I remember, like it was yesterday, taking him in my arms and hugging him long and hard.

“I don’t want to leave this place. I don’t want to leave these guys” he shared with me through tears.


Then, and in the days that followed, we talked about those feelings of loss and sadness. Like something precious had come to an end. And we agreed it was in his hands to maintain the connections that meant so much to him as the months and the years of his seemingly limitless future unfolded. Both with his classmates, and with the School itself.



Which is how Ben found himself playing in a new soccer team, comprising a significant number of Epping Old Boys, and a handful of important recruits, under the auspices of the Epping Football Club, through the football seasons of 2016, 2017 and 2018.


Fast forward to the evening of 13 September 2019, when I attended Epping Football Club’s Presentation Night at the invitation of the Club’s President. Epping FC is an extremely successful Club, both on and off the field, and consisted, at that time, of approximately 60 teams. In 2019 both the Mens/Boys’ section and the Womens/Girls’ section of the Club were awarded prestigious Club Champion status - by the Gladesville Hornsby Football Association and the North West Sydney Womens’ Football Association respectively.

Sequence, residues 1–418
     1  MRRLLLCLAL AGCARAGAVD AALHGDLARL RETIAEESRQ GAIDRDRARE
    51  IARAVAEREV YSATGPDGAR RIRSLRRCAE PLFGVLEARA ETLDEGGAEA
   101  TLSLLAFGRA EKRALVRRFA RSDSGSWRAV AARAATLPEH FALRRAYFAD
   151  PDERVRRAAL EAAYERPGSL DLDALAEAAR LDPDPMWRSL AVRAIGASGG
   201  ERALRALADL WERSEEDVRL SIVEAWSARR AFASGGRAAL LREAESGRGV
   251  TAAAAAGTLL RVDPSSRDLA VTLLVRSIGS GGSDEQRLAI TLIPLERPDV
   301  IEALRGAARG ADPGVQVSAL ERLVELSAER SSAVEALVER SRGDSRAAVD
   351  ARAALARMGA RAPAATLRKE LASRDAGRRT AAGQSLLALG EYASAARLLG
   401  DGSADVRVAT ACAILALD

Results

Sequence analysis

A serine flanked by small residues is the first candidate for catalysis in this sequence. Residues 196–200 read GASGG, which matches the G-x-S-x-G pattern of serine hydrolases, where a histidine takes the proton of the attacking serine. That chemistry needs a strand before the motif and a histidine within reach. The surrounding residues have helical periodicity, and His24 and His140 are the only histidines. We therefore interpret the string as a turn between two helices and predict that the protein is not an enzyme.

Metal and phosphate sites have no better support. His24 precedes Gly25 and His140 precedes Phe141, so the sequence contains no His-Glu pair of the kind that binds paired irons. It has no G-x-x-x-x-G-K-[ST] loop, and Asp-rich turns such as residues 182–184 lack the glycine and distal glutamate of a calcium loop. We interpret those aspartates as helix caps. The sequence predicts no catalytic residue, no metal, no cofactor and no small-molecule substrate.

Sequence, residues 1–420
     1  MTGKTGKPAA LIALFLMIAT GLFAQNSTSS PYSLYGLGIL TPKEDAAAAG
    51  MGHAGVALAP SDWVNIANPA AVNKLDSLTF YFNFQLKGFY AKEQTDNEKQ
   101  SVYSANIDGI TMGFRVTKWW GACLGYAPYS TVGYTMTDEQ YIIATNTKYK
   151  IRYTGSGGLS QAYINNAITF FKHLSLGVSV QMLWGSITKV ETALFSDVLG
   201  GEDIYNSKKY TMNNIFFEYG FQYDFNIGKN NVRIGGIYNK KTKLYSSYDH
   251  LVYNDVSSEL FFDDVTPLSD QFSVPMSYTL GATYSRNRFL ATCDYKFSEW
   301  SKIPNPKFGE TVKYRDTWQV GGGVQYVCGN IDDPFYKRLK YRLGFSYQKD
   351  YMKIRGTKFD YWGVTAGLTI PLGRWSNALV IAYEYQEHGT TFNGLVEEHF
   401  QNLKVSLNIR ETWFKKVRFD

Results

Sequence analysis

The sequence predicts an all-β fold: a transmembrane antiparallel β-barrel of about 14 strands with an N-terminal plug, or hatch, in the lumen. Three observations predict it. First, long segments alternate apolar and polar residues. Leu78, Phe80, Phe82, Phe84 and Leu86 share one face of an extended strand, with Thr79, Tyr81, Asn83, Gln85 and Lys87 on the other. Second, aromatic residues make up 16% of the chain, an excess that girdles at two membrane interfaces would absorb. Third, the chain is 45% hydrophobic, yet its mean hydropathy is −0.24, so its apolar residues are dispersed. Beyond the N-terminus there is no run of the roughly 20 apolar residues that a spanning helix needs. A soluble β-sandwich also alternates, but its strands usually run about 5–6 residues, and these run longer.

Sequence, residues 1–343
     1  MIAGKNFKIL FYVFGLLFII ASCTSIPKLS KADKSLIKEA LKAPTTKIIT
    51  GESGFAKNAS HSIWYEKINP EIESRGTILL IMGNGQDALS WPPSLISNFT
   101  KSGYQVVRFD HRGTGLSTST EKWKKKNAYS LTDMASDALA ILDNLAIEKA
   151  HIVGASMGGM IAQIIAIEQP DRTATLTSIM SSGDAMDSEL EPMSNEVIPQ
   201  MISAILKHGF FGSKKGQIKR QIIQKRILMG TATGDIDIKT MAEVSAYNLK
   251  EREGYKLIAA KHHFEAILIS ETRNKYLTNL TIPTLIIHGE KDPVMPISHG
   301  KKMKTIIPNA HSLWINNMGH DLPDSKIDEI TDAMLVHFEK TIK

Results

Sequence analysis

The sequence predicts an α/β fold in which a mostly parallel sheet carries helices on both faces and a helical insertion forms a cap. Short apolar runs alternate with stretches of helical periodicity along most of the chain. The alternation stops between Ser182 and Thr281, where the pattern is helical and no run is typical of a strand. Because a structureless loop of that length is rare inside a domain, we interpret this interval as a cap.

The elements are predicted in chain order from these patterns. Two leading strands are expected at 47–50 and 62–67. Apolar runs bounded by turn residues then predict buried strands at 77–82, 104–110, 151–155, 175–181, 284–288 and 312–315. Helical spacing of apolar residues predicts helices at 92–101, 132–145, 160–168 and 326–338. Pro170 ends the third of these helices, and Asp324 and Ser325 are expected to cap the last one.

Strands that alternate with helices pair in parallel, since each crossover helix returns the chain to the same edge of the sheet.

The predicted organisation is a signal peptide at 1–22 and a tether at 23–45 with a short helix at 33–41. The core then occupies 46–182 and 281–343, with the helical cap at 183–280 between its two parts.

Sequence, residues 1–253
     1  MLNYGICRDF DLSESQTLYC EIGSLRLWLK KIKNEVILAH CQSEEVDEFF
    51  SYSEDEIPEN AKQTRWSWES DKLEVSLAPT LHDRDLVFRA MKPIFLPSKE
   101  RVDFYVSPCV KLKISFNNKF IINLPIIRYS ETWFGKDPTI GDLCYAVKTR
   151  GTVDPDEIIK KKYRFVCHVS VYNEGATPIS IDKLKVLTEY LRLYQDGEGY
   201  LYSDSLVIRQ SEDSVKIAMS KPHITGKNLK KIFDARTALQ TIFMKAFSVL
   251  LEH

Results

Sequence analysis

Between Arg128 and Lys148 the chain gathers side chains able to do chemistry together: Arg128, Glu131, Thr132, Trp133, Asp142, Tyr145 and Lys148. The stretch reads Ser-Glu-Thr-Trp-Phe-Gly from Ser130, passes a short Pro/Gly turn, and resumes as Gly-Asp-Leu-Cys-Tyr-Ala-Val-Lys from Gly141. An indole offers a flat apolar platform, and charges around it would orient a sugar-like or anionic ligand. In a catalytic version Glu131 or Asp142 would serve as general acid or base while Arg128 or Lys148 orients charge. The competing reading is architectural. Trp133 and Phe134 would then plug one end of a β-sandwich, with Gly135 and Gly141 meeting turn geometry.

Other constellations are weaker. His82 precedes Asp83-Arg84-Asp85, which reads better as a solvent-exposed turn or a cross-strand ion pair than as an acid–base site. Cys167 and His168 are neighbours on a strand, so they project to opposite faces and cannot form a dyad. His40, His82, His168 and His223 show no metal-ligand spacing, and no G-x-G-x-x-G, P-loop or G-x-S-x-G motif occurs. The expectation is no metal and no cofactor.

With 60 teams on its books, the Club had near enough to 1,000 members in total, and the Presentation Night, although confined to those aged 18 and over, was a massive event; especially after such a successful season. In light of its size the Club has, in recent times, made a sensible, but uncommon executive decision not to present Best & Fairest awards to individual players. As a result, the formal portion of the Presentation Night is confined to special awards for significant Club-related achievements.

However during the course of the 2019 season the Epping FC Committee had sanctioned the awarding of the Ben Cordner Medal to the best and fairest player in the Club’s Super League Reserves team – that being the team for which Ben had already paid registration fees prior to Australia Day 2019, such was his level of enthusiasm for the approaching season.